I’m sure “I Got You Babe” is important to a ton of people in the baby boomer generation. But, it’s not important to me. “I Got You Babe” is interesting for it’s combination of swelling strings and chimes alongside some folk-rock motifs and optimistic love themes, but it is schmaltzy, and I bet it was pretty corny even more than 50 years ago. I wouldn’t even classify it as a show-stopper, though the interplay between the two at the end of the song gives it a little bit of a lift. Perhaps its fusion of genres and general accessibility made it such a hit back in the day, hitting #1 on August 14th, 1965, and staying on top for 3 weeks until the Beatles “Help!” displaced it.
This was the song that broke Sonny and Cher to the world, and boy, did they get a long run out of this one song. They had a number of top ten hits in the few years between this and 1967, selling a whopping 40 million records by the end of that year, but their fortunes took a tumble in the late 60s (being a light-hearted monogomous couple who didn’t take drugs at that time = limited chart success). They did have a comedy hour during the 70s (for some reason). Cher has always had a cult-following – I’m pretty sure she’s had 1 or 2 farewell tours in the past decade alone, and she is now considered one of only a few truly feminine icons of that time.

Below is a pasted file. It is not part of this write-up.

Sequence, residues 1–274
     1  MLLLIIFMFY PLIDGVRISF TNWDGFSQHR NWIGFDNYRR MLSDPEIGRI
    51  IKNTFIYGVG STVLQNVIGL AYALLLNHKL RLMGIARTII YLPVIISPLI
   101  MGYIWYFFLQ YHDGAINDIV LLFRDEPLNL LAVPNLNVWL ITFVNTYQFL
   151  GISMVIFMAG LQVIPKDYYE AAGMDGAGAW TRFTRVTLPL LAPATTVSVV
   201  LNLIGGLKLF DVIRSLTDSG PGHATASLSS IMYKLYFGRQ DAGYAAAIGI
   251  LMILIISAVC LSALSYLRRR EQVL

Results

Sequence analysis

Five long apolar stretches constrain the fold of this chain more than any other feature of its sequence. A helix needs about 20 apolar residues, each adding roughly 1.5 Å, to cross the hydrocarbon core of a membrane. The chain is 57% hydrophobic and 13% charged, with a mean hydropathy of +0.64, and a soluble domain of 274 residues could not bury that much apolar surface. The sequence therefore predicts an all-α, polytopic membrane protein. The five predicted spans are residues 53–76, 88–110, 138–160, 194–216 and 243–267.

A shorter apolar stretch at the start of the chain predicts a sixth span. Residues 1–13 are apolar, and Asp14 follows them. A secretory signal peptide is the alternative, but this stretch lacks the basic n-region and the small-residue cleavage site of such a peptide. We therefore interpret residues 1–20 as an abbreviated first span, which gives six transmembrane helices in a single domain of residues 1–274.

Fine, you know what, Cher is important to music, sure, I’ll give her that. She’s had a long, storied career, had a lot of success as a solo artist too, and she’s certainly a very important icon. But, Sonny? Surprisingly, Sonny got his hands into a lot of different pies – besides the comedy hour, and producing Cher’s solo career for a while, he became a member of the House of Representatives, had a critical say in copyright law/the Mickey Mouse law, and, at the very beginning of his career, worked directly with Phil Spector. So, maybe I’m not giving Sonny and Cher enough credit for this song, which does still stand as one of the biggest hits in a year full of undeniably classic songs. But, I still think it’s schmaltzy.